The crypto industry says that while the digital assets market has grown substantially in recent years, it still doesn’t have enough liquidity to accommodate large transfers of funds from Russia.
Carole House, director of cybersecurity and secure digital innovation on the National Security Council, said earlier this month that inadequate liquidity makes crypto an “ineffective primary tool” for the Russian government to lessen the impact of sanctions.
Crypto exchanges have sought to cast the industry as a force for Ukraine, highlighting their users’ donations.
Crypto.com aired ads during the Oscars urging viewers to donate to humanitarian efforts in Ukraine. The donations are converted into stablecoins, then euros, before going to the Red Cross and Red Crescent. The popular crypto exchange said it will match up to $1 million in donations.
“In Ukraine, the basics are now the essentials,” the ad told viewers, referring to items that Ukrainians need such as food, blankets and medicine, before showing a QR code that links to a donation page.
The Ukrainian government said that it has received $67 million in crypto donations as of March 26 and has spent about half of the funds on bulletproof vests, lunches and other key supplies. Ukraine hopes to raise $200 million through digital asset donations.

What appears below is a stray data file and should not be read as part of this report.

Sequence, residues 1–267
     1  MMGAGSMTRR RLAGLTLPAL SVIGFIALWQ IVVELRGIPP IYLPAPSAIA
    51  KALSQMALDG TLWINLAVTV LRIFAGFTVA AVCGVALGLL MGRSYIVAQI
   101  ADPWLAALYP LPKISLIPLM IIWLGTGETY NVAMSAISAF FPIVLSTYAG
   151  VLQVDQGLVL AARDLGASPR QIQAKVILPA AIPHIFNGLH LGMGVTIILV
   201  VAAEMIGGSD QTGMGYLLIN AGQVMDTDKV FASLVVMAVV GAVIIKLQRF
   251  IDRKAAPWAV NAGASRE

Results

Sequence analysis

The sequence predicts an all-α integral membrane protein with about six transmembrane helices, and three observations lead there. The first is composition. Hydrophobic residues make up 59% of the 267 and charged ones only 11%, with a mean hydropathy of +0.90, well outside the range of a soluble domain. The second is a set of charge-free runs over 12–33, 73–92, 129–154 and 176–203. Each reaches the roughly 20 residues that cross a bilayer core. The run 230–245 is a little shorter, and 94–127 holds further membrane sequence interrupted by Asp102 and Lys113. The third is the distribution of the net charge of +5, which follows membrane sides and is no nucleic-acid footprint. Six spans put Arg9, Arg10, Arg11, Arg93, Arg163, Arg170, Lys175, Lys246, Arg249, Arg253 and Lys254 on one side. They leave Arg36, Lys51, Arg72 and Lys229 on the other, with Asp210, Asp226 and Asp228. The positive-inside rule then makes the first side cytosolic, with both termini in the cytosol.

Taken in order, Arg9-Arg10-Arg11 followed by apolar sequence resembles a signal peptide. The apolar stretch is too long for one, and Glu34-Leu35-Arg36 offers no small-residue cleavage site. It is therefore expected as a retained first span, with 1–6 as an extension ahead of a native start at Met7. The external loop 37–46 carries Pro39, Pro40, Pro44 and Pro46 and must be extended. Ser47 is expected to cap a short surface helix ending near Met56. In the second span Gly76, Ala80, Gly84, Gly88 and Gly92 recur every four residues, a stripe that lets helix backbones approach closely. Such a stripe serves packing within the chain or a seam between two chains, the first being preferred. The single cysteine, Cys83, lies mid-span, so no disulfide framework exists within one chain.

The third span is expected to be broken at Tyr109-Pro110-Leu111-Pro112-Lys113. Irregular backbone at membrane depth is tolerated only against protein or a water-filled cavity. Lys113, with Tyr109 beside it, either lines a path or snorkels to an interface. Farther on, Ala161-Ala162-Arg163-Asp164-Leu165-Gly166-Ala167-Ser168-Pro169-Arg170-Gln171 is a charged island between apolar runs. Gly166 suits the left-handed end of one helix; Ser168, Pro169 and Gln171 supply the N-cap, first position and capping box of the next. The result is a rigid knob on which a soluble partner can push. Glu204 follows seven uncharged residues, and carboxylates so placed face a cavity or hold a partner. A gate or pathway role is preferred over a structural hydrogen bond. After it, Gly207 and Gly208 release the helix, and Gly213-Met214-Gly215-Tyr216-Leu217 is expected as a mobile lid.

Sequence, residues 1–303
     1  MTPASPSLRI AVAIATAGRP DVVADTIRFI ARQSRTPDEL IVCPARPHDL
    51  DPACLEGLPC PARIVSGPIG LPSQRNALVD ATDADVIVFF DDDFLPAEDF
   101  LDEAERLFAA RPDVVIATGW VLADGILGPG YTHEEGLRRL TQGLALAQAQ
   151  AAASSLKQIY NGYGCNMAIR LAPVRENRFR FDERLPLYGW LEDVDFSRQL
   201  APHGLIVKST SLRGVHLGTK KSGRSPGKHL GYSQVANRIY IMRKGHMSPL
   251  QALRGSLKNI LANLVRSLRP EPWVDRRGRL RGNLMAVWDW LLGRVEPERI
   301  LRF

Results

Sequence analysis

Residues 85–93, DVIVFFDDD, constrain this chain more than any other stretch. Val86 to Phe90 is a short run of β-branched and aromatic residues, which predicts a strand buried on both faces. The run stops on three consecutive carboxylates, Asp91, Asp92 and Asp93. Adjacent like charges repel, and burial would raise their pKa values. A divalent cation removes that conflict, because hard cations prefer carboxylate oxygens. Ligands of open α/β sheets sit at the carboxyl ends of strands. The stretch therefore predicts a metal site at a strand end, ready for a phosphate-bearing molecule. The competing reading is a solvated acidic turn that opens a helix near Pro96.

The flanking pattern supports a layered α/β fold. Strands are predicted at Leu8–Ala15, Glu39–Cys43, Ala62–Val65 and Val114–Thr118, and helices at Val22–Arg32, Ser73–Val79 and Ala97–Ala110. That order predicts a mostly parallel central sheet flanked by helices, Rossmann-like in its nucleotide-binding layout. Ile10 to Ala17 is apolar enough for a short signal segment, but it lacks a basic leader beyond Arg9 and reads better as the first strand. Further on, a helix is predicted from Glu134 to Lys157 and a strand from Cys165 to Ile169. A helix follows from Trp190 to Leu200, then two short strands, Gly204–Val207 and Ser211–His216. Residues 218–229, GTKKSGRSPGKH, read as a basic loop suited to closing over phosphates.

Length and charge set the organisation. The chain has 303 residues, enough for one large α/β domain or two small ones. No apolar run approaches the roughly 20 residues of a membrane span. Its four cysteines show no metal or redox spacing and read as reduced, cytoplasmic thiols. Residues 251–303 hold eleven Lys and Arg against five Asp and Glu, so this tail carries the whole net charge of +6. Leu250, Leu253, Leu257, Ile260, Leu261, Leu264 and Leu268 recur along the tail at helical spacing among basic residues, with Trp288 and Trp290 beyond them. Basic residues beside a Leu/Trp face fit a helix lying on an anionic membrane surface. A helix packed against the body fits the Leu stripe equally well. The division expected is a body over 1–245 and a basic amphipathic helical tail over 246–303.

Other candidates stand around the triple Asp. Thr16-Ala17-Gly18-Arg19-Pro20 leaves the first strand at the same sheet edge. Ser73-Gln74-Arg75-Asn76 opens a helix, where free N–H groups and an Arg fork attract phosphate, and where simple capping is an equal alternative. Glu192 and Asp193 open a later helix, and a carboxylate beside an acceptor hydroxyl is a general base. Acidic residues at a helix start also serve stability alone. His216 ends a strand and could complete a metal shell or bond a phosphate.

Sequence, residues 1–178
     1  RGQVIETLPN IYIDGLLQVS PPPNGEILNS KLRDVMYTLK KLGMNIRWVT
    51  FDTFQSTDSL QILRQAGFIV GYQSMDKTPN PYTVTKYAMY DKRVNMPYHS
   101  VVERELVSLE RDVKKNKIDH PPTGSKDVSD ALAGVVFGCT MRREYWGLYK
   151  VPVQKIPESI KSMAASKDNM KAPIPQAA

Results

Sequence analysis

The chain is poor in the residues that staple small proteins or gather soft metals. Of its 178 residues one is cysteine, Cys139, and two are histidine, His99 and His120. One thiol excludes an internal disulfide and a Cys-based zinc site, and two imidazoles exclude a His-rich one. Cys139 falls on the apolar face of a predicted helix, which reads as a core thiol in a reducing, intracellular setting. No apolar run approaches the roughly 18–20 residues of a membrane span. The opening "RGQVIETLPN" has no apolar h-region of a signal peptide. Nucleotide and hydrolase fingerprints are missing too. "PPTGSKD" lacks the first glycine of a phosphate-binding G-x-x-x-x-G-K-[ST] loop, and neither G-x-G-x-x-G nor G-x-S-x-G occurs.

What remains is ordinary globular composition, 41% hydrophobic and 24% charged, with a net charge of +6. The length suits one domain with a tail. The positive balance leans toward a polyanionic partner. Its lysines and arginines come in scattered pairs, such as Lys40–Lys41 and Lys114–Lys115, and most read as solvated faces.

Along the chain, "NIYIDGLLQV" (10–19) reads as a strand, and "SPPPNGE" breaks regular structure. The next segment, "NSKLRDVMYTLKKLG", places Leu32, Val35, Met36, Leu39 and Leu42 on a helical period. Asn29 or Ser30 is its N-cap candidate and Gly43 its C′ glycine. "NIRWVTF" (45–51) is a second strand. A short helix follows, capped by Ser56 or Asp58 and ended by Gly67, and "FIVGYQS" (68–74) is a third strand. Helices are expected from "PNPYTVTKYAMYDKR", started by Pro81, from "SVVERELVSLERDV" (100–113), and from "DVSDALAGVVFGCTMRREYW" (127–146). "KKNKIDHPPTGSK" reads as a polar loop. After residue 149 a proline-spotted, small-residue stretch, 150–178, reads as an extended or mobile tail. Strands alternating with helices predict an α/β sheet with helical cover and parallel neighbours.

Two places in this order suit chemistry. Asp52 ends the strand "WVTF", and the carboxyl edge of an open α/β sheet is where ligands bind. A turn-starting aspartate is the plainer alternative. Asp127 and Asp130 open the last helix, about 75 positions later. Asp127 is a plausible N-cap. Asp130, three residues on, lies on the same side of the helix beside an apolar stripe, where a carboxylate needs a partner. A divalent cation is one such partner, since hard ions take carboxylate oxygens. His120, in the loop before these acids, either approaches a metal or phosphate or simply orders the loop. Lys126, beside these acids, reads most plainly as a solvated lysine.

“In this situation, there is clear and abundant evidence that cryptocurrencies are playing a critical role in humanitarian relief and defense funding for Ukraine, and very little, if any, evidence that this innovation is being used for sanctions evasion by Russian actors,” said Sheila Warren, CEO of the Crypto Council for Innovation, an industry trade group.
Ukraine had ranked among the most active countries in the cryptocurrency space for several years leading up to the Russian invasion, said Kim Grauer, research director at Chainalysis, a cryptocurrency investigation and transaction monitoring firm. She said a combination of high public interest and investment from the Ukrainian government helped lay down “great infrastructure” to handle the surge of support.
“The reason why this happened in cryptocurrency is because anyone can get a cryptocurrency wallet and send money to Ukraine, and do so in such a way where you can get it there instantaneously,” Grauer said.
“It just proved to be a highly effective, highly effective marketing campaign for them.”